With 1 million new cases in the past 15 days, the US has now passed 4 million total coronavirus cases, with hospitalizations reaching a record high.
California now finds itself at the center of the pandemic twice over.
In Southern California, Huntington Beach has come “to symbolize resistance to many of the coronavirus safety rules.” Thankfully, a pair of West Hollywood comedians are on the case.
Disease experts explain how they made charts to help people navigate risk during a pandemic.
Related: Tips on how to persuade people to wear masks from an FBI hostage negotiator.
Heading into November, the federal Election Assistance Commission is neglecting key responsibilities, and two of its four commissioners are repeating the president’s unfounded warnings about vote by mail.
Donald Trump’s deployment of federal forces is transforming his political war on big cities into “something much closer to the real thing.”
Related: Women who have run for office describe the worst sexism they’ve experienced in politics.
As Republican Senators argue over federal unemployment benefits, it's too late to reprogram state systems without a gap in payments.
Education Secretary DeVos says children are "stoppers" of COVID-19—which is not only wrong for our current virus numbers, but false.
Black Mainers account for approximately 23% of coronavirus cases in a state where they're less than 2% of the population.
A series of portraits of Black women who work in hospitals, schools, and retail, by Brooklyn's Aya Brown. See also: Paintings by Esiri Erheriene-Essi “re-imagine more humane and liberating narratives than what has gone before.”
Vic Mensa, Aja Monet, and other artists appear on "Defund the Sheriff," calling on Los Angeles County to divest funds away from the police.
“The camera was truly objective. It wasn’t shaking, it wasn’t moving.” Reinaldo Marcus Green, director of the excellent Monsters and Men, on the amateur footage capturing police brutality.
A map shows which law enforcement agencies in the US are using what surveillance technologies.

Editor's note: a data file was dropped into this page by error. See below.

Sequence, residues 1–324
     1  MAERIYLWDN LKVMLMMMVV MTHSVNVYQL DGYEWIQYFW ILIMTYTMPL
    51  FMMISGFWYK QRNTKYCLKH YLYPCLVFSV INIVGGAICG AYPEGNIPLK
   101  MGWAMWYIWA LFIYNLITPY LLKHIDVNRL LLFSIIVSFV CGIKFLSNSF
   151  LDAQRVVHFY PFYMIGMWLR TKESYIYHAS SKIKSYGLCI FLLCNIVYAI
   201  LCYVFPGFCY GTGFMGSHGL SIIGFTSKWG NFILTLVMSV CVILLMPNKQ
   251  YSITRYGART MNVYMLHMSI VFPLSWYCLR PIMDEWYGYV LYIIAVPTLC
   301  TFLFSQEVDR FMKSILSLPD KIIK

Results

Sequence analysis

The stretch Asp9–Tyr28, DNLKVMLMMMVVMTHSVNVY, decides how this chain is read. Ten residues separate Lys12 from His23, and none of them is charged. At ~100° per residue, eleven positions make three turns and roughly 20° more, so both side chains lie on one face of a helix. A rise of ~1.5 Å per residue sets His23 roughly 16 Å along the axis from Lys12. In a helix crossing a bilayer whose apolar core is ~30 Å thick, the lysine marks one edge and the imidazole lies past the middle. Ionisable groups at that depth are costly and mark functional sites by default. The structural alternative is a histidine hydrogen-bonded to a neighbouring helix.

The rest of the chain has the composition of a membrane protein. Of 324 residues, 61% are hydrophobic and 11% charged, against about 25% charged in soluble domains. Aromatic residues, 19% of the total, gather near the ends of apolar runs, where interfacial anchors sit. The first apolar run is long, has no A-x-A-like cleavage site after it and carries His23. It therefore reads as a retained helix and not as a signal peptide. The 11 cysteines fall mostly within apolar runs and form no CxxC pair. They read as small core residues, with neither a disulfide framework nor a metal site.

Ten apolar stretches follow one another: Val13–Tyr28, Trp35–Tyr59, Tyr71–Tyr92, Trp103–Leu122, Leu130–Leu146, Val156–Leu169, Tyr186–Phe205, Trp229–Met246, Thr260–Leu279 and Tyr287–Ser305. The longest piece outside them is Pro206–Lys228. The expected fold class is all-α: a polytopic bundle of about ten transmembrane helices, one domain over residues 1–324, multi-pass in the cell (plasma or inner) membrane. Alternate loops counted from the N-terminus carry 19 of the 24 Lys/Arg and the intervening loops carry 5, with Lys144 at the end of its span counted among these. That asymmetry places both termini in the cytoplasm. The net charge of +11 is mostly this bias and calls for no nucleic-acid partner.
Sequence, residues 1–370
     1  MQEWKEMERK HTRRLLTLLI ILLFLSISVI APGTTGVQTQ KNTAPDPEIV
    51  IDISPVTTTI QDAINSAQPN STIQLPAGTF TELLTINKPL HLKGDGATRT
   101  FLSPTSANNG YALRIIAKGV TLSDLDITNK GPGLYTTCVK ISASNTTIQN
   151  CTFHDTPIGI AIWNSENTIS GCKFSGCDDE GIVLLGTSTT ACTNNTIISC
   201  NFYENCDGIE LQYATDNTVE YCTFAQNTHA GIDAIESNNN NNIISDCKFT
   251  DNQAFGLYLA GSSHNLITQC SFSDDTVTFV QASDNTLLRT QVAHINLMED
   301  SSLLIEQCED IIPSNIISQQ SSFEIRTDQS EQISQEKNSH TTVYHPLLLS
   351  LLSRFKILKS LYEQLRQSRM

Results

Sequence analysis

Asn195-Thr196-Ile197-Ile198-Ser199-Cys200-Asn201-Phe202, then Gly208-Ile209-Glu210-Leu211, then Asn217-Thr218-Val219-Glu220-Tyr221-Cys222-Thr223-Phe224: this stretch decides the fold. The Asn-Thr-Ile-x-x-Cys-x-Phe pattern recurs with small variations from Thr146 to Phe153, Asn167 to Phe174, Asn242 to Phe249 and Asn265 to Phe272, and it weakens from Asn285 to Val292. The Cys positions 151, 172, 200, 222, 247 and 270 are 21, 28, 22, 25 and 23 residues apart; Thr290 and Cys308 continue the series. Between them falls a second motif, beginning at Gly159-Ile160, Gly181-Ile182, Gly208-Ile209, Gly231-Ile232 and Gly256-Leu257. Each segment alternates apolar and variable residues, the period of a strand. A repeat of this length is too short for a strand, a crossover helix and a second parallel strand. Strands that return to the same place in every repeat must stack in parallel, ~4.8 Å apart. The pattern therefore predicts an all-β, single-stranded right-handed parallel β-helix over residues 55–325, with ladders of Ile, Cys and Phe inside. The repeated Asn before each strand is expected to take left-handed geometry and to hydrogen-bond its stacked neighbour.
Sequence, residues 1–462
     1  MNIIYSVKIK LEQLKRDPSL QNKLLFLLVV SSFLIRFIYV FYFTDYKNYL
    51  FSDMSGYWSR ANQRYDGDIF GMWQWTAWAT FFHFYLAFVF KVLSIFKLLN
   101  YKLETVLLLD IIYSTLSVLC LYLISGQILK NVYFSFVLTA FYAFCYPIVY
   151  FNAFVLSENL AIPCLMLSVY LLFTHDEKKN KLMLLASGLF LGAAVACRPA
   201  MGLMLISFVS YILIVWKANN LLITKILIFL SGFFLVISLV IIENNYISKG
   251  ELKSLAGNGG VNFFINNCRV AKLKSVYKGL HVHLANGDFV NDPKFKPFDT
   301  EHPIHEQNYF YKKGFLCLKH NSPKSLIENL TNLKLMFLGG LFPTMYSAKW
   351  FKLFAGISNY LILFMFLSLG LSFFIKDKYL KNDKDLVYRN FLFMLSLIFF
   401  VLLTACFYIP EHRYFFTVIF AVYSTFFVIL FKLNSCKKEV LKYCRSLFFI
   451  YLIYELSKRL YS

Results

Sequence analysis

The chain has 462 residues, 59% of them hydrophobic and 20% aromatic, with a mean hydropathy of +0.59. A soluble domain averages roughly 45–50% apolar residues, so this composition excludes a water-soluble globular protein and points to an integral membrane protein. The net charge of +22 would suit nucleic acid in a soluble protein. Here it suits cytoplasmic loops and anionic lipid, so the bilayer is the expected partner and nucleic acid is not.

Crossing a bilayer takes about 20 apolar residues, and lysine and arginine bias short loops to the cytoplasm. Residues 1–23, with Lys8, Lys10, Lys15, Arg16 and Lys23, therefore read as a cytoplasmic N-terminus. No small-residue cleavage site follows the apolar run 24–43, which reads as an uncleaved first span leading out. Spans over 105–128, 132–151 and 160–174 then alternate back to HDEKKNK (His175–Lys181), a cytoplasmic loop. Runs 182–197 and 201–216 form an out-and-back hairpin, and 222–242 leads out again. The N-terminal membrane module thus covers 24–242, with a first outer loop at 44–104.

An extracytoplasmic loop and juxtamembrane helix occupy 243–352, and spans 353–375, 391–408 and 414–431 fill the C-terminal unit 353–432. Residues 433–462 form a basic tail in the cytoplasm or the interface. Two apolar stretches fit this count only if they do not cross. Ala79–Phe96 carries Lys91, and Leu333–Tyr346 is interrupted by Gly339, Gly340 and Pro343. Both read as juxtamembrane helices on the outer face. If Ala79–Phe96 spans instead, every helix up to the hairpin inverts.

In Nairobi's settlements, policing provides the “de facto forms of urban infrastructure” that shape how people live—and die.
One little-known player quietly reshaping smaller police departments around the US: the insurance industry.
The subminimum wage, used to pay service workers as little as $2.13 an hour, turns out to be a relic of slavery.
A profile of climate activist Jamie Margolin focuses on what it's like to manage a national movement while you're in high school.
The idea of expeditionary solitude—from space voyages to wilderness travel—has too long been gendered for lone male explorers.
Ruth Bader Ginsburg reflects on her nine female classmates at Harvard Law School.
The Science Museum in London has a question for the public: "Do you know what this is? No, seriously, can you tell us?"
Scientists capture the first direct image of a planetary system around a star like our Sun, located about 300 light-years away.
Start-ups that provide end-of-life services find sudden demand for "tombstone generators" and final tweets.
Travel ad spending is starting to rebook across Europe.
How Costco convinces brands to self-cannibalize: it's not the same margins as a private label, but it’s not unprofitable.
A remarkable visualization of wealth uses a single pixel to help you understand the vastness of Jeff Bezos's riches (and much more).
Early returns from Germany suggest—among other quirks from this strange sporting season—that home field advantage disappears without fans.
Your weekly soothe: A boyfriend rates wedding dresses.